The company agreed to pay $65,000 in a resolution announced by the state’s Civil Rights Commission, which as part of the agreement also required the company to develop and implement a non-discrimination policy, including a policy that would provide training to managers and supervisors. The commission declined to reveal the name of the business or the complainant. However, according to the Hawaii Herald-Tribune, the company discriminated against the woman after refusing to reinstate her back to her position after she was on a pregnancy-related disability leave. The company also allegedly refused her a reasonable accommodation for her pregnancy-related disability and then ultimately fired her.
Plaintiff alleges she was also subject to derogatory comments about her pregnancy and the inconvenience it would cause the firm, and these began immediately after she disclosed her condition to her supervisor. Her manager informed her there were not enough temporary employees available to cover her pregnancy-related leave.
Less than two weeks from the time she began her unpaid leave, she was instructed by her supervisor to remove her personal items from the workplace in order to “make room” for two other workers who were being hired to replace her. Once she gave birth and was released by her doctor to return to work, the company refused to reinstate her. Instead, she was fired.
Hawaii, like California, has a law that protects pregnant workers by making sure employers provide leave for employees who have a pregnancy-related disability. That leave may be taken with or without pay, but it’s for a reasonable amount of time, as determined by the worker’s doctor. The state law also mandates that workers be reinstated either to their previous job or to one that is of comparable status and pay. The law also expressly prohibits the practice of firing someone due to their pregnancy or pregnancy-related disability.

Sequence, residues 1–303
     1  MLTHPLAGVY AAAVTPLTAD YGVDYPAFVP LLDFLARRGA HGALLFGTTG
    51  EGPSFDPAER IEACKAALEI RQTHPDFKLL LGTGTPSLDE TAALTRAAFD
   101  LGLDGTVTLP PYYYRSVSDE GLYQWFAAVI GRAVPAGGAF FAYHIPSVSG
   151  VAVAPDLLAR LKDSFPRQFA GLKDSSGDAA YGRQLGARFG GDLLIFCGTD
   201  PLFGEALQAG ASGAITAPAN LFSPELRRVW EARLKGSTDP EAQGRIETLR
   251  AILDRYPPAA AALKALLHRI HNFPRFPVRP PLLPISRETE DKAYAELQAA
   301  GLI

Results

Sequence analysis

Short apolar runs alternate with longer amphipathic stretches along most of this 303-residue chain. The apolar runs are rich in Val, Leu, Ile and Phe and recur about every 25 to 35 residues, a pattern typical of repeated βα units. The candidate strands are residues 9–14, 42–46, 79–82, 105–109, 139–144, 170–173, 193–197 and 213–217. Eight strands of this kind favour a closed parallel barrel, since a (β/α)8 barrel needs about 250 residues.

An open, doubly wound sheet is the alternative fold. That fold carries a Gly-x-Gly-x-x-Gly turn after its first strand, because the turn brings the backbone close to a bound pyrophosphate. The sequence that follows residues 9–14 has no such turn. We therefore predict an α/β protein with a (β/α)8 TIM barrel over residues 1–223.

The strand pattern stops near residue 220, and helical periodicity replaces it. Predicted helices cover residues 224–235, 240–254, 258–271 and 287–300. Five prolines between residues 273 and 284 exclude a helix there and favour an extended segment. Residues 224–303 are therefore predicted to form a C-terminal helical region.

State laws like this are important because federal law doesn’t extend the same kinds of protection. Pregnancy discrimination claims generally fall under the “gender discrimination” provisions, but pregnancy is not considered a “disability” and is not specifically noted in federal employment rights laws.
California, meanwhile, has some of the strongest laws for parental leave and pregnancy in the country. The California Family Rights Act applies to workers in this state who have been employed with a company for at least 12 months and work at a company with at least 50 employees in a 75-mile radius. The law extends disability benefits to workers who are not able (temporarily) to work due to pregnancy or related conditions. The law also extends certain benefits for parental leave.
In addition to this, the state also has pregnancy discrimination law known as the Pregnancy Disability Leave Law that will apply if a worker is not able to do the job for reasons related to pregnancy. Applicable conditions may include severe nausea, necessary prenatal care, bed rest (ordered by a doctor), childbirth and recovery from birth. In order to qualify for this protection, workers need to show they are unable to complete at least one essential job task without risk to their own health or that of their unborn child. The PDLL and the CFRA collectively allow new mothers up to seven months off, depending on how long she is unable to physically work.
Contact the employment attorneys at Nassiri Law Group, practicing in Orange County, Riverside and Los Angeles. Call 714-937-2020.
Hilo business pays $65K in pregnancy discrimination case, Jan. 11, 2017, West Hawaii Today
More Blog Entries:
Disability Discrimination Settlement $90K Against Wal-Mart, Aug. 23, 2016, Pregnancy Discrimination Lawyer Blog